What type of companies or organisations use your services? The kinds of actors that require actionable intelligence in their efforts to manage brands, make informed decision based on the ‘temperature’ of an on-line population as a whole, keep track of the general mood in the markets, or trade with specific assets.
Your titel is “Chief Data Officer”. That’s not too common, is it? Do you think every company will need a CDO in the future? No, I don’t think every company will need a CDO in the future. Hopefully, companies will be able to scale down on their data management activities, perhaps due to their use of tools and techniques such as Ethersource, and instead focus on their core business. Much the same way we are able to focus on our core business by obtaining data from Twingly instead of harvesting it all ourselves.
Big Data is one of the hottest buzzwords right now, which is a field you are active in. What’s the potential and biggest challenges of the increasing amount of data? We’re currently concerned with human-generated text, so it is in the light of that the response to this question should be read.
The biggest challenge with Big Data is to stop focusing on Big Data. Big Data will, by virtue of the prevailing definition, always be slightly too big to handle with common tools. This has mainly resulted in people being obsessed with processing speed and ability to store large amounts of data. Few, if any, have focused on a layer in the so called Big Data Stack that so far has been missing: the Semantic Processing Layer. The key challenge for Big Data is to come to the point where it is easy and swift to turn massive data streams into actionable intelligence; knowledge that you and your organization can act upon in order to obtain a competitive advantage. To put it another way; the key challenge of Big Data is to be of service.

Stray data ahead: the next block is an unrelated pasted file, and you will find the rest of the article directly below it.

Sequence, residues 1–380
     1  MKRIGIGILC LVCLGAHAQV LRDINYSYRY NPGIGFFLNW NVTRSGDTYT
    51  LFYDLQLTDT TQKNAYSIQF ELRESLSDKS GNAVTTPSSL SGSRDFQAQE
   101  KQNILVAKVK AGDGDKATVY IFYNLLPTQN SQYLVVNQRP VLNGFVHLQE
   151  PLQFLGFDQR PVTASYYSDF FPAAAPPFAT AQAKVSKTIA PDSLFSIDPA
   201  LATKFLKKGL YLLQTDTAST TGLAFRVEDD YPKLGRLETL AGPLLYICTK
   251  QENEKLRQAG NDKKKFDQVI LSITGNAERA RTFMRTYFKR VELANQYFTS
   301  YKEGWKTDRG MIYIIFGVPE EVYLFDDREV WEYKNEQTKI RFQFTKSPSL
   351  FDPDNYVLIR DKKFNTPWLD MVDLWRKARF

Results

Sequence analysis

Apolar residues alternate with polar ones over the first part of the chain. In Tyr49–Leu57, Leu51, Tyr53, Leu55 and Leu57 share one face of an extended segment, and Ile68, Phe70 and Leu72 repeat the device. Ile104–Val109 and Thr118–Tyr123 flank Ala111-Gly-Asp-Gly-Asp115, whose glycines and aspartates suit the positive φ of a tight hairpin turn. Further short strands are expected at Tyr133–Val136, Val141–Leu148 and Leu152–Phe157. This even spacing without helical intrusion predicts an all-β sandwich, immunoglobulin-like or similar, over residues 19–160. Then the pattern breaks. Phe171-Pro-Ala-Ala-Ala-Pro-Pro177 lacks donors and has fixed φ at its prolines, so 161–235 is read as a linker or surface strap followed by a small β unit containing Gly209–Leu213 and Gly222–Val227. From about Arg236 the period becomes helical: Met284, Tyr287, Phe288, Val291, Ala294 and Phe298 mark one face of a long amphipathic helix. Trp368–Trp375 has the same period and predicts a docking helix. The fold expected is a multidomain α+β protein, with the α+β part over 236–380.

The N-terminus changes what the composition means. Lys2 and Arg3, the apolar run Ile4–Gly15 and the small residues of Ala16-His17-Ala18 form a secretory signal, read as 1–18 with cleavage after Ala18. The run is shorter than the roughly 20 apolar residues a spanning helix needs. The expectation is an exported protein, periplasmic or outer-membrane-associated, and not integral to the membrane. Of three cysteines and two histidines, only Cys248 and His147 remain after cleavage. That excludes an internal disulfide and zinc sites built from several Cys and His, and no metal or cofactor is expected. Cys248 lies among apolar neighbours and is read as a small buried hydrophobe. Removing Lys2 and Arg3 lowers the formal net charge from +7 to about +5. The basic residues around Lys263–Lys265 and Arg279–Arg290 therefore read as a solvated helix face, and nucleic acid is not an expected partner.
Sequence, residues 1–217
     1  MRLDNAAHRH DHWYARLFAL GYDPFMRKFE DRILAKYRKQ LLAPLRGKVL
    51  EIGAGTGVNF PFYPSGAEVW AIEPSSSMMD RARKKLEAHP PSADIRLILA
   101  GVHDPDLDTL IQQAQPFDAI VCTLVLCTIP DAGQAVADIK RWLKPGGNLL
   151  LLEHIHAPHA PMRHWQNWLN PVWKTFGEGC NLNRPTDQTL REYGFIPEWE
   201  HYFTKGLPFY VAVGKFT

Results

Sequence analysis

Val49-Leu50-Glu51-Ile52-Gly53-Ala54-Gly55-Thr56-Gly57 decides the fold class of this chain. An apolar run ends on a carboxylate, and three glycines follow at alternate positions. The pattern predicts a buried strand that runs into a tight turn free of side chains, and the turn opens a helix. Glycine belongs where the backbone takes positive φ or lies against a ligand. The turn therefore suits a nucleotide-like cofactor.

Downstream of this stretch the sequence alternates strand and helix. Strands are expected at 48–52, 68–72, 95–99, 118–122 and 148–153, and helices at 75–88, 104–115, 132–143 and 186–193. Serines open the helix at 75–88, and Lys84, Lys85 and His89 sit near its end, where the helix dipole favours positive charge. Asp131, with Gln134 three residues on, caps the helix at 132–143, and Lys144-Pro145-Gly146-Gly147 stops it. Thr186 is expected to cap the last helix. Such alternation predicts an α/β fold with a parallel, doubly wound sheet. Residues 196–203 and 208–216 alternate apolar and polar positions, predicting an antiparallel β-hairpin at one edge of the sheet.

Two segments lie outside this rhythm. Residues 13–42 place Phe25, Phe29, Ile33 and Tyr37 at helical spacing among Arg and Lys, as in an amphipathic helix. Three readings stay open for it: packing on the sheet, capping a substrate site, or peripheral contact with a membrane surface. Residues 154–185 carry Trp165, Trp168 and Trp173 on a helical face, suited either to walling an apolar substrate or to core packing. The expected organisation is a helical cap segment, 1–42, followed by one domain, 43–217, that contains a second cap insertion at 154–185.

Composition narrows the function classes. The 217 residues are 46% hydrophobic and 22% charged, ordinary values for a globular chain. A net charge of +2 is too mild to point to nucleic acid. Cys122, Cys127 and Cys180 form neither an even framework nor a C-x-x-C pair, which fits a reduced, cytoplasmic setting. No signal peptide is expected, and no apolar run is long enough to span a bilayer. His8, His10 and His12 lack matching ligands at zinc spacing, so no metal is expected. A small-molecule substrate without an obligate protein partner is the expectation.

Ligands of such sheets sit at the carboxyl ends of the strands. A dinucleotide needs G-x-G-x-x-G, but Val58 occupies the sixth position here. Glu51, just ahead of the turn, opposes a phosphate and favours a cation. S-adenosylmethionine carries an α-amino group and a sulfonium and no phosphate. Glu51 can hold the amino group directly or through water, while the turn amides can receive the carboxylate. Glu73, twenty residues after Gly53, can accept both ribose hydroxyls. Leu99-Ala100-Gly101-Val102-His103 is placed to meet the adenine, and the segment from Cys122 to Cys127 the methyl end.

Being a researcher by training and heart, I believe that we’ve yet to imagine the biggest potential there is in harnessing truly Big Data. Let’s talk about that in a few years, when a more representative sample of our world’s population is active on-line. Then, we’ll be able to find the collective answers to questions to mankind, that we’re not able to think of now.
What’s on your roadmap for the upcoming years? Where do you see the biggest growth and potential for Gavagai? We’ve got very exciting times ahead of us! Ethersource is already unique in the way it is able to read amounts of text that would overwhelm traditional language processing methods, handle multiple (all) languages, in real-time, and learn from variations in the input in an unsupervised manner.
Our development plans involve some fairly hefty stuff. In the short term, we’ll roll out a game changer in terms of a way of identifying the many meanings of a given concept, and use that information to disambiguate expressions of that concept as they appear in social media. For instance, imagine that you are a brand manager for Apple, Visa, “3” or some other brand with an inherently ambiguous and common name: How do you go about monitoring the attitudes and opinions towards the meaning of the word that constitutes your brand, and only that meaning? There is a solution…
The biggest growth and potential for Gavagai is as a supplier of the Ethersource technology to other companies, such as analytics firms, trading desks, governmental agencies etc, that already have an infrastructure in place, but that lacks the competitive edge the ability to understand and make sense of large text streams in multiple languages gives. Ethersource is an implementation of the Semantic Processing Layer of the Big Data Stack, and we intend to move it as such.
Liveboard is a feature that visualizes the buzz about trends on Twitter. It’s HTML5 based and works with any state of the art browser powered by the WebKit engine, like Chrome and Safari, as well as with Firefox 4, Firefox 3.6, Internet Explorer 9 and Opera.